St. John's and the Central Slum
In 2011, the city of St. John's is undergoing a period of rapid development, with rising property values and large amounts of residential and commercial construction. Housing conditions, prices, and availability still vary throughout the city, however, and rapidly rising purchase and rental prices are putting increased pressure on low-income groups. Although certain neighbourhoods (justifiably or not) have reputations for poor housing, there is no specific area of the city that is the subject of a public outcry about its conditions, and there are no readily identifiable “slum” areas.
This was not always the case. For a period of at least 70 years, there was a slum area in the centre of St. John's. Bounded roughly by Springdale Street in the west, New Gower Street in the south, Carter's Hill in the east, and LeMarchant Road in the north, this area consisted mainly of old, ramshackle housing with poor sanitary services. Water was supplied from community taps, and night-soil collectors were common. There were well over a thousand homes in the area, most of them in need of replacement. Overcrowding was also a major problem. A 1942 survey found that there were 750 houses in St. John's in need of immediate or rapid demolition, the majority of them in the downtown slum. They housed about 6200 people, with an average of about 2.5 people per bedroom. To put this in perspective, the London County Council (responsible for providing public housing in London, England, at this time) recommended a maximum density of 1.25 people per bedroom.
Although it was mostly outside the fire zone, the slum began to develop after the 1846 fire. Given the pressure to rebuild, many ramshackle houses were constructed quickly, very close together, and without proper building standards. The 1892 fire worsened the situation. Again the area escaped destruction, so that old houses remained and there was no rebuilding. People made homeless by the fire moved into the area, exacerbating the overcrowding and creating the conditions that turned this section of the city into an obvious slum by the turn of the 20th century. Although public concern over the crowded and unsanitary conditions was developing, there were no immediate attempts to improve the situation.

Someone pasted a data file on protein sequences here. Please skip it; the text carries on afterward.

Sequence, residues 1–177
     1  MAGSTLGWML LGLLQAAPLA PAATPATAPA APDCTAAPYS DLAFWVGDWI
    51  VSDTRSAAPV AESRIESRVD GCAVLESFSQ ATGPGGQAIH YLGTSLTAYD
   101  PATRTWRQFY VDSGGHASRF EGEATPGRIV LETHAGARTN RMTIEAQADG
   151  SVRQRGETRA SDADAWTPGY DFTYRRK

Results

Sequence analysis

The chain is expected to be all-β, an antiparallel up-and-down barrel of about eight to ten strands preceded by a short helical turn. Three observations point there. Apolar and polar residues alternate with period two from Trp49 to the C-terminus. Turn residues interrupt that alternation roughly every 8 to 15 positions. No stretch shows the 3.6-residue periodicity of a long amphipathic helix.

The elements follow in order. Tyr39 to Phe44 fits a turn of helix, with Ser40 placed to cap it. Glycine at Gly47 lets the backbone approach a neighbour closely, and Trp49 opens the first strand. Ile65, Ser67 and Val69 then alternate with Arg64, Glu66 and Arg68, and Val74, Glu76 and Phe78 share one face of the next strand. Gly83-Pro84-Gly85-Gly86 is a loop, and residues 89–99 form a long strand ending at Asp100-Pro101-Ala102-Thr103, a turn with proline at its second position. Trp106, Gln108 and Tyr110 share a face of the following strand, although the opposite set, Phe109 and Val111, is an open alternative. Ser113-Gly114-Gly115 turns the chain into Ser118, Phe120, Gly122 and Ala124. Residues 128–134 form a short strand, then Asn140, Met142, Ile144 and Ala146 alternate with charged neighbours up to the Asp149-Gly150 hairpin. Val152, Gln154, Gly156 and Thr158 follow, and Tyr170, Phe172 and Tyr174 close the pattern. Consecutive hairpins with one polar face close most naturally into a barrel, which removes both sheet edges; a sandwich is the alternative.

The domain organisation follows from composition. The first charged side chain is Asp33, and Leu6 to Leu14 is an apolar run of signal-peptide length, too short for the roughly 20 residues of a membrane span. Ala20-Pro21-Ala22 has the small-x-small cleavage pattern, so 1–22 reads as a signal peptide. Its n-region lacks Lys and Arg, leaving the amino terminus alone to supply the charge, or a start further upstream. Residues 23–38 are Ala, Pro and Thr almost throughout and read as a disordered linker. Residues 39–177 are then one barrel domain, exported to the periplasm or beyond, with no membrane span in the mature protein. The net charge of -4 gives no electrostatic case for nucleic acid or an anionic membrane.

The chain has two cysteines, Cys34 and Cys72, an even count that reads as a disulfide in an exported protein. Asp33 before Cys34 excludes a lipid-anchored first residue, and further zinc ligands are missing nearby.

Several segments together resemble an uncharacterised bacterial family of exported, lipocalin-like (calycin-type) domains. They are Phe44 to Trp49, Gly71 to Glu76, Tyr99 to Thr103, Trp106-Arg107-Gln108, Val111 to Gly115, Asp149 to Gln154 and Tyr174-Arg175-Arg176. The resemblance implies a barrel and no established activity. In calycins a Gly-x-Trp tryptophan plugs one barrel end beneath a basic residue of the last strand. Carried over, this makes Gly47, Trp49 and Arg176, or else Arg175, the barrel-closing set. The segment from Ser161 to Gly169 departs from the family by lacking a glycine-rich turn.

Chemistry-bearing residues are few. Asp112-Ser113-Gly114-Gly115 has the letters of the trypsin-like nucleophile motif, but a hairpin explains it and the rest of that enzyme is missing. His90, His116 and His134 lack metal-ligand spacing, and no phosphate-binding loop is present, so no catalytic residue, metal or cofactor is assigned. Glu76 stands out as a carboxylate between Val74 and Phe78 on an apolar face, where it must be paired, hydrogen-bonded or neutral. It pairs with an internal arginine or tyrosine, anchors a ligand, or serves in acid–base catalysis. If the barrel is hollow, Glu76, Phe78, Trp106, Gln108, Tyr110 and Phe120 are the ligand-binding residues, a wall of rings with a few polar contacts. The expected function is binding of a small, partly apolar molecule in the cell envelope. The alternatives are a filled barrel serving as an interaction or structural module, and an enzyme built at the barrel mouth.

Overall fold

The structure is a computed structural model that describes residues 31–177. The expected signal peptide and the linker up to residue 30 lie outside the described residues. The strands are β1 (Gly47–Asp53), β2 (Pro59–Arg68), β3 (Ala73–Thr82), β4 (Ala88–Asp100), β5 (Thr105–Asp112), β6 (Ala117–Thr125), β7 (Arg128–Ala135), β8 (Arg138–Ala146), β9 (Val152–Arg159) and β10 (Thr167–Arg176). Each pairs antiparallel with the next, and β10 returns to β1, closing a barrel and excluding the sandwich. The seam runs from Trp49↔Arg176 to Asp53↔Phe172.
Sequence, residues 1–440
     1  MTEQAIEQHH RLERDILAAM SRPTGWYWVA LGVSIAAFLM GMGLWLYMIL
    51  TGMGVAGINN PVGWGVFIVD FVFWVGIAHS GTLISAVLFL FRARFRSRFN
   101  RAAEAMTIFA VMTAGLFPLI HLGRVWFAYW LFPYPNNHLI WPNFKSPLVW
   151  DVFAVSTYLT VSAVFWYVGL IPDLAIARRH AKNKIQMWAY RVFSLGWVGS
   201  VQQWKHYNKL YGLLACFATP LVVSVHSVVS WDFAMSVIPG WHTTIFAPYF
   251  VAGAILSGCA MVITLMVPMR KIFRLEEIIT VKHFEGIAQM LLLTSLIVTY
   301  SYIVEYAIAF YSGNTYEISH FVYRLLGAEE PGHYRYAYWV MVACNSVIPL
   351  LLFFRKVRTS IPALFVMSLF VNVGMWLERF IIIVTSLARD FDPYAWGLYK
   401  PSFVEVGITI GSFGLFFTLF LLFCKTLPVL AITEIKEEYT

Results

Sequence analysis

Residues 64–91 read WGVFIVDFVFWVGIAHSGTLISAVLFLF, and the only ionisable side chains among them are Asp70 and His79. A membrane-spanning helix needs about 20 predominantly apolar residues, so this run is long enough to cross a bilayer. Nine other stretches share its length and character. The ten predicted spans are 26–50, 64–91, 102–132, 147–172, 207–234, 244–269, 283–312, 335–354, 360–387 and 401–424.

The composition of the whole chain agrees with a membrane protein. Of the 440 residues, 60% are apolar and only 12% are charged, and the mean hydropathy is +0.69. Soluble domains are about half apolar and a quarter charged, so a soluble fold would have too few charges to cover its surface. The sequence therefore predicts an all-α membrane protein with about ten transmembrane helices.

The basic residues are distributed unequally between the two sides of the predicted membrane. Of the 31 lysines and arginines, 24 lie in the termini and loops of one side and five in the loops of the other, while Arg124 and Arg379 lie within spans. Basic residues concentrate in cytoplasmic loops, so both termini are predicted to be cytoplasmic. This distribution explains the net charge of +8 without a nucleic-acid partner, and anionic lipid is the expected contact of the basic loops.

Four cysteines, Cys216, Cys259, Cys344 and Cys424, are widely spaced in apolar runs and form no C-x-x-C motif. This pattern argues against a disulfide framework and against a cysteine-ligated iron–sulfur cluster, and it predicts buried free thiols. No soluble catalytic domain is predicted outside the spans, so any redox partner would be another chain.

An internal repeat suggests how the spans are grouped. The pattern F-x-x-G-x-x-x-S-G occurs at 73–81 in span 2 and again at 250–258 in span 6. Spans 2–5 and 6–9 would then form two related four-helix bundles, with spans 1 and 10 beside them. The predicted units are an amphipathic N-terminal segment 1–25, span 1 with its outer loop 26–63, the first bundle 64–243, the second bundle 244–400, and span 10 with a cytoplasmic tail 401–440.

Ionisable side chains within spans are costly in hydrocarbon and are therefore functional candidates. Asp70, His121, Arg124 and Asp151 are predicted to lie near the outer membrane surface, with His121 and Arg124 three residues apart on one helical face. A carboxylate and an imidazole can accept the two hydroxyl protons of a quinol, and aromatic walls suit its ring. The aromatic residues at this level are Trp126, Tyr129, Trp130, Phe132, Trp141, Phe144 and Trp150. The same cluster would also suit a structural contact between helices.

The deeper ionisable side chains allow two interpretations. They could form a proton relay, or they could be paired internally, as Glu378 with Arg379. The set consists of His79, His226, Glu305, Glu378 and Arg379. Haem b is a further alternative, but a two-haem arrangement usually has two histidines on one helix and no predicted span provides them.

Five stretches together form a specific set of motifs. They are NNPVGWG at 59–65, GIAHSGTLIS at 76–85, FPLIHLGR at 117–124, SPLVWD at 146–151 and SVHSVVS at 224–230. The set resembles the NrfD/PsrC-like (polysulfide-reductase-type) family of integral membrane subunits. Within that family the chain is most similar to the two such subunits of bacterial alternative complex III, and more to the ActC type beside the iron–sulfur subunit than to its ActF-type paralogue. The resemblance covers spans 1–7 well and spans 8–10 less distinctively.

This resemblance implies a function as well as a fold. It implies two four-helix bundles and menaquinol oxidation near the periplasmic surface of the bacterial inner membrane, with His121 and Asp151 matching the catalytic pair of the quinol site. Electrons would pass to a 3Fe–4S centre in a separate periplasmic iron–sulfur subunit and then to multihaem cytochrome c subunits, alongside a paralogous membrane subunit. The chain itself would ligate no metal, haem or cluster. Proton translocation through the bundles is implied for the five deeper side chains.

Early Attempts to Improve Housing
In 1910, a government report found that the city contained “a very large number of tenements [that] are totally unfit for human habitation. They are so bad that they cannot but degrade those who live in them physically, mentally, and morally.” The report referred specifically to the central slum district, an “eyesore” where poor housing conditions were damaging to the health and welfare of its residents, leading to high mortality rates, tuberculosis and other diseases. It was also believed that living in such conditions was morally detrimental, especially to children, and that criminal and deviant activity would result. Later reports were concerned specifically with the lack of privacy, especially in cases where male and female children had to share living and sleeping arrangements.
Despite the recognition of the problem, efforts to improve housing conditions in St. John's and clear the slum were slow and largely ineffective. Most people living in inadequate housing could not afford to pay the higher rents charged by properties in better areas, nor could they reasonably hope to save enough money to purchase or build their own homes. Residents of the slum who were better off still had limited options due to the scarcity of land available to build upon, and a general lack of available better housing. Some residents moved outside the city limits and built houses in areas such as Blackhead Road, Southside Road, and Mundy Pond. People were already living in these areas by the early twentieth century, but they grew considerably during the Great Depression when, in addition to city residents, people from other parts of Newfoundland moved to the city in search of work. They continued to grow into the 1940s and 1950s as the city's population rapidly expanded and space became more valuable. These outlying communities did little to relieve the pressure on housing, however, and sometimes became little better than slums themselves.